The mile-long gravel lane to Sharp’s at Waterford Farm begins with a helpful sign: “Rough Road. Slow Down. Enjoy the Scenery!” and ends near two shaded greenhouses holding, over the next month, 108,000 veggie plants getting ready for fall transplanting—delightful scenery indeed if you can’t locate cool-weather veggie plants at local retailers.
“We’ll have four plantings available of a wide range of traditional fall vegetables, such as cabbage, broccoli, cauliflower, kale, Brussels sprouts, chard, and lettuce, plus some less-common Asian vegetables, such as mizuna and pakchoi,” explained Denise Sharp, who oversees plant production. “We’ll also have several fall herbs, such as cilantro, dill, and fennel.”
“Most of the plants will go to U-pick or commercial farms, such as Larriland Farm and Gorman Farm in Howard County, Spicknell’s Farm Market in Prince George’s County, and Lewis Orchards & Farm Market and One Acre Farm in Montgomery County. Others will go to local retail nurseries, and we’ll have about 1,800 six-packs here for gardeners who want to pick up their plants at the farm,” she said. “Most are in plugs now, but we’ve starting to transfer the first planting into market six-packs.”
Denise said fall plants will be on sale Monday, August 2, through Friday, September 10. “Broccoli, cabbage, Brussels sprouts, kale, and cauliflower should be planted in early to mid-August, depending temperatures in your garden, but lettuces do well even when planted in September,” Denise explained.
“Selection obviously will be greatest in the earlier weeks and then less as gardeners buy our stock. Those looking for a particular vegetable or herb and price, which we’ll set when the plants go on sale, should query us from the Contact tab of our website or give us a call,” she said. CLICK HERE to link to the farm’s website and contact information.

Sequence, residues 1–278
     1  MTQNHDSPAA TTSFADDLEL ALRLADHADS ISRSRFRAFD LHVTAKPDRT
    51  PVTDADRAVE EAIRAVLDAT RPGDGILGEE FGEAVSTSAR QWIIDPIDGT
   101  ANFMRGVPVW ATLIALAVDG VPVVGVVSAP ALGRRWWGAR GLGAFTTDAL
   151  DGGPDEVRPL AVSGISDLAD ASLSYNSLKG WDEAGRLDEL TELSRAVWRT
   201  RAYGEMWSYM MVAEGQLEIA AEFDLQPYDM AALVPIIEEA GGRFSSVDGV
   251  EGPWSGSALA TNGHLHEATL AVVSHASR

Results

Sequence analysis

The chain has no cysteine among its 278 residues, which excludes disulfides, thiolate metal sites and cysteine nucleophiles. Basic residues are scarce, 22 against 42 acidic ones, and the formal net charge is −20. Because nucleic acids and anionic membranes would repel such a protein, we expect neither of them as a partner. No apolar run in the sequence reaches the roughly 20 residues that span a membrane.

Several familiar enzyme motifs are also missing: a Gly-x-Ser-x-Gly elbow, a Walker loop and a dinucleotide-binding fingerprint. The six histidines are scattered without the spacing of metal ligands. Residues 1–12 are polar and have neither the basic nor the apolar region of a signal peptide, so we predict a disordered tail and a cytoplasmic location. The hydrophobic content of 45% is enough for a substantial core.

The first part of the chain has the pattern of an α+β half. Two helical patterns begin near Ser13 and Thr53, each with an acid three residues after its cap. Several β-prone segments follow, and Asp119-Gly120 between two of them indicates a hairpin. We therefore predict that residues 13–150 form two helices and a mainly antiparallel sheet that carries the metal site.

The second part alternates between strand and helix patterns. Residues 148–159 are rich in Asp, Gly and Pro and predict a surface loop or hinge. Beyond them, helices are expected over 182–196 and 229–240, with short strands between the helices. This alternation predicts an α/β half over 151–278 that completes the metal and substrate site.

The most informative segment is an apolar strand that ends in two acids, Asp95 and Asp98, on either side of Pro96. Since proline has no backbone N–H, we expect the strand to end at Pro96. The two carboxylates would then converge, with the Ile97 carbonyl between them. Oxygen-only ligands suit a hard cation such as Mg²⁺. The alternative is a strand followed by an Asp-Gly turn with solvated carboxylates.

“If you come to the farm, just park on the grass across from the two greenhouses,” Denise said. “This is a working farm, so we may be out in the field irrigating one of our commercial crops or picking sweet corn. If no one is at the greenhouses and you have a question, call my cell-phone number, which is posted in the larger greenhouse. When you select the plants you want, just put the money or check in the self-serve cash box on the counter by the door.”
Well, it’s called the honor system—an ancient sales custom in farm country that’s still used at Sharp’s at Waterford Farm.
Honorable gardeners, mark your calendars if you’ve been looking for a source for fall veggie plants.
And if you drive to Waterford Farm, relish the experience. When you turn off Maryland Route 97 onto Jenning’s Chapel Road, slow down and enjoy the coolness of the tree-canopied country road and the scenes of horses grazing behind white fences. When you turn into the gravel lane to Waterford Farm, slow down even more, to about the speed of a team-pulled farm wagon in 1903, when the Sharp family began working their farm.
And contemplate the significance of your visit. You’re visiting a local farm to buy plants from women and men who planted the seeds, thinned the seedlings, and cared for them until you buy. You can’t get more “local” than that. And you’re helping two new generations of a family continue working the 530-acre Waterford Farm into a new century.